ADOTAS – In my first week heading up Adotas, I was dumbfounded when I read an InsideFacebook report suggesting that sales of virtual goods would top $1 billion in 2009. The naive Gavin of yesteryear couldn’t believe people were really paying hard cash for fake plants and animals in Farmville.
But that Gavin is gone, replaced by a hard cynical shell that doesn’t blink an eye when hearing that, despite the offer-marketing scandal that hit the arena late last year, virtual goods revenue will hit $1.6 billion this year and $2.1 billion, according to the Inside Network.
Tin, heartless Gavin does raise an eyebrow in Spock-fashion at mobile app recommender Flurry’s findings that 80% of revenue from iOS apps during September came from mobile virtual goods via in-app sales. Yes, virtual goods made four times as much revenue (around $9 per user) for iOS developers than advertising ($1).
And this isn’t a new trend — apparently January was last month ad revenue came in higher than virtual goods revenue. Check out the chart below:
The data comes from a sample of major iOS social networking and gaming applications with a combined daily reach of 2.2 million active users. The study only covers Apple’s iOS because Google’s Android doesn’t currently enable in-app purchasing on its platform. Developers like Android more long term, but the lack of in-app buying would seem to be a huge strike against the platform.
Flurry proposes a major reason for the low advertising revenue is agency skepticism surrounding social games and social mobile media as viable advertising channels.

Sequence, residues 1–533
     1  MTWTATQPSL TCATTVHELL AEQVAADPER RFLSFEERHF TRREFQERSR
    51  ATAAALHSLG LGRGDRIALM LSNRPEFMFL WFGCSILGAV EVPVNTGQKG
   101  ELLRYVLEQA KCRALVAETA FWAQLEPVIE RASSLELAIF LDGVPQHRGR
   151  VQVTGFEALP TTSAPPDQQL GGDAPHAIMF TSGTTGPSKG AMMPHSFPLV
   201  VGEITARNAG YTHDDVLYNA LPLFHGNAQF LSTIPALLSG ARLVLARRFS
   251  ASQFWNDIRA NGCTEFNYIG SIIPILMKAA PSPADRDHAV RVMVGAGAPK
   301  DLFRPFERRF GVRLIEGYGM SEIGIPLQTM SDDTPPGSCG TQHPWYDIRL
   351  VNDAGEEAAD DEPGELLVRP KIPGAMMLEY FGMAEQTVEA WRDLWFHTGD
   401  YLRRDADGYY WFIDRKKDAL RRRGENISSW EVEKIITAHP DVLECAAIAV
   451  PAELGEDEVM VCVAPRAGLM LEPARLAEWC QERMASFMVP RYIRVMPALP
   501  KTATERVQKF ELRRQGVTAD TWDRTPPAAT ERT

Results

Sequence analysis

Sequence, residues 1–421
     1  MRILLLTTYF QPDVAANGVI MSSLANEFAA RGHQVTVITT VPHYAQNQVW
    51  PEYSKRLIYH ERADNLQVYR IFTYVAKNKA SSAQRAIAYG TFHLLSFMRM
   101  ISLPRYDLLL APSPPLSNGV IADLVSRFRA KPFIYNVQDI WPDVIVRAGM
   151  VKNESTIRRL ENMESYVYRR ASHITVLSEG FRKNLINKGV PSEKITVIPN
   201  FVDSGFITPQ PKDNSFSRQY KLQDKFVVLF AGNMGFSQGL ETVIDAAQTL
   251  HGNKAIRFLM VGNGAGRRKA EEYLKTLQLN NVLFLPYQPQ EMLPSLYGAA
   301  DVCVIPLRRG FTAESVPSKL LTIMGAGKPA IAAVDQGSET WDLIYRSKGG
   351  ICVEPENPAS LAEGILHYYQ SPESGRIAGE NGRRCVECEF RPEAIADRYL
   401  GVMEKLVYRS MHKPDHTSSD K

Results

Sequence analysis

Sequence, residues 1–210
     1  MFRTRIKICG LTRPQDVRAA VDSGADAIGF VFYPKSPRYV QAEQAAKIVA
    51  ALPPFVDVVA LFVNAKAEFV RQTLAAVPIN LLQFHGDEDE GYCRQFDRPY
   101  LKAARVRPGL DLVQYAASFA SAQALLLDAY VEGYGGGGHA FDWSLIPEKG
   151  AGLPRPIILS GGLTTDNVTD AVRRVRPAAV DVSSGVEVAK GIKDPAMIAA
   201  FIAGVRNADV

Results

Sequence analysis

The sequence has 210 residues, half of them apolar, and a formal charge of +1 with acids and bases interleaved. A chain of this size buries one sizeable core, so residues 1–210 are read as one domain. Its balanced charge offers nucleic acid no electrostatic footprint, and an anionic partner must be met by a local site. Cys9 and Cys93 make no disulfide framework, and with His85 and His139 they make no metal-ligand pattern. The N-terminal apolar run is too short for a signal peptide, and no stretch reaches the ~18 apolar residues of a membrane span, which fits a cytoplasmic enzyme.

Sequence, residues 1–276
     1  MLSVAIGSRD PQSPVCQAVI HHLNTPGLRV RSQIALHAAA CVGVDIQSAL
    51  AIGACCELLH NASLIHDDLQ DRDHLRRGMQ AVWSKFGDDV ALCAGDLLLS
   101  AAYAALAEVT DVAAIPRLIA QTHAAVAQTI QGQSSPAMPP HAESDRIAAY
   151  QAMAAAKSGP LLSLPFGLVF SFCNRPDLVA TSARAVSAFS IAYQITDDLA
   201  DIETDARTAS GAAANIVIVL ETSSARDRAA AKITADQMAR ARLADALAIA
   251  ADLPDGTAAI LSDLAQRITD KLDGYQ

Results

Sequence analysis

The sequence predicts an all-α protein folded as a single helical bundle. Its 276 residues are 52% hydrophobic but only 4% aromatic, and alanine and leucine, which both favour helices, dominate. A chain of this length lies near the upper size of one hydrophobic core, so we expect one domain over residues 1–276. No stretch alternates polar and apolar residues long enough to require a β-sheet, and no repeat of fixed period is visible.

“With these agencies representing and guiding the biggest brands, they appear to be missing a meaningful opportunity to reach a mass market of consumers who have adopted new platforms and forms of content,” writes Peter Farago, Flurry’s VP of Marketing. “As social games continue to expand their consumer reach, demonstrating their ability to attract an audience beyond teenagers using iPod touches, their relevance will increase.”
The Inside Network does have one prediction I’m finding hard to swallow: virtual good revenue exceeding $4 billion in 2013. I’d imagine the novelty of virtual goods would eventually wain and the growth curve would become less steep. Then again, virtual goods don’t have any novelty for me (Luddite I am, I’ve never played Angry Birds either, though it sounds like fun).
Do you guys think virtual goods revenue will keep skyrocketing or start to plateau in the near future?